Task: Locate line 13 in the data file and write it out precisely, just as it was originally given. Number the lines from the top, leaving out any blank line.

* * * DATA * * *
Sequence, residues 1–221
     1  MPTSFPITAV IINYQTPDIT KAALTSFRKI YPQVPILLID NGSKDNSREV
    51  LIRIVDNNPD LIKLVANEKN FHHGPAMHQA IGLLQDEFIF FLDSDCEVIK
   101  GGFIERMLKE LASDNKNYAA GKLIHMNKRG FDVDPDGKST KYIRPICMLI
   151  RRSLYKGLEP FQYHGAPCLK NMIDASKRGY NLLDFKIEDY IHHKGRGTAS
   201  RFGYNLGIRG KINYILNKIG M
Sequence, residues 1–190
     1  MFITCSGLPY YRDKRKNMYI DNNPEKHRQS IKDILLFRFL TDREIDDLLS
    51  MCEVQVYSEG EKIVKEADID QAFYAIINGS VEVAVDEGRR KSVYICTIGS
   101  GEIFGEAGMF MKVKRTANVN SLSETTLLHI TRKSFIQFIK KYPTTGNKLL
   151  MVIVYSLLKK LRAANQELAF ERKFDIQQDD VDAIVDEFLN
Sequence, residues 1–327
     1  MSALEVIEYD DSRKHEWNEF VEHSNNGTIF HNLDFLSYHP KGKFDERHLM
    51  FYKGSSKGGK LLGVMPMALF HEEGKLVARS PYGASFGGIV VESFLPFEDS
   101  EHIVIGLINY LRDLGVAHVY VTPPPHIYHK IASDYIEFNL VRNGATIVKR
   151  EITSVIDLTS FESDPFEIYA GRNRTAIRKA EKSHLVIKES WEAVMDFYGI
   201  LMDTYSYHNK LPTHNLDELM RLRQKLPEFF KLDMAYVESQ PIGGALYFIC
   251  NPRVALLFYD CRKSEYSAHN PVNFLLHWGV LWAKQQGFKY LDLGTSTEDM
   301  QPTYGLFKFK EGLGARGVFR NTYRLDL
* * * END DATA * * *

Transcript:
     1  MSALEVIEYD DSRKHEWNEF VEHSNNGTIF HNLDFLSYHP KGKFDERHLM